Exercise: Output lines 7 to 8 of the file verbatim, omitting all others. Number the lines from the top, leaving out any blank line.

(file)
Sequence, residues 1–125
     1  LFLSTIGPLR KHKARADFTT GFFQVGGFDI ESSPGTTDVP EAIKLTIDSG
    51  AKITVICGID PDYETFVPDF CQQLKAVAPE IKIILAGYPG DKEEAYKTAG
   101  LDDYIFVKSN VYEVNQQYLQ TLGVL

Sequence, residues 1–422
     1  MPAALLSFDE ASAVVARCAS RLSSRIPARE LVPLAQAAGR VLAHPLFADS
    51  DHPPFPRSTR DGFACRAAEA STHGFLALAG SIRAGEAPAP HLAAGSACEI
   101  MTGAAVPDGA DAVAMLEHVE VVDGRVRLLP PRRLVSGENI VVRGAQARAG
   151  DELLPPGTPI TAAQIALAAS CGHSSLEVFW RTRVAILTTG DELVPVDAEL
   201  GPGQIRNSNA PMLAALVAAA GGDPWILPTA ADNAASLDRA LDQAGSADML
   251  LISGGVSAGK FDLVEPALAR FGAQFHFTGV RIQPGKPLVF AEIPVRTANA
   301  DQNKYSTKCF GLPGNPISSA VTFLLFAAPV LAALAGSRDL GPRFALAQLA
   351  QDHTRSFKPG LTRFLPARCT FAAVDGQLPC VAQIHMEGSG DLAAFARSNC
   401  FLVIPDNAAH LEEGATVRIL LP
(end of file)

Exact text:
    51  DHPPFPRSTR DGFACRAAEA STHGFLALAG SIRAGEAPAP HLAAGSACEI
   101  MTGAAVPDGA DAVAMLEHVE VVDGRVRLLP PRRLVSGENI VVRGAQARAG